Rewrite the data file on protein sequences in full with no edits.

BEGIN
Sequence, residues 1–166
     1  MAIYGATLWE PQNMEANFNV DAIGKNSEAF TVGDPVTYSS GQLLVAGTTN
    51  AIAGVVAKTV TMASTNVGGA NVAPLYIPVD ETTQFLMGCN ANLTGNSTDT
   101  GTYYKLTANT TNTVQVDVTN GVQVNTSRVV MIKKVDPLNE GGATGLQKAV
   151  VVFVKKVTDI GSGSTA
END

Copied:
Sequence, residues 1–166
     1  MAIYGATLWE PQNMEANFNV DAIGKNSEAF TVGDPVTYSS GQLLVAGTTN
    51  AIAGVVAKTV TMASTNVGGA NVAPLYIPVD ETTQFLMGCN ANLTGNSTDT
   101  GTYYKLTANT TNTVQVDVTN GVQVNTSRVV MIKKVDPLNE GGATGLQKAV
   151  VVFVKKVTDI GSGSTA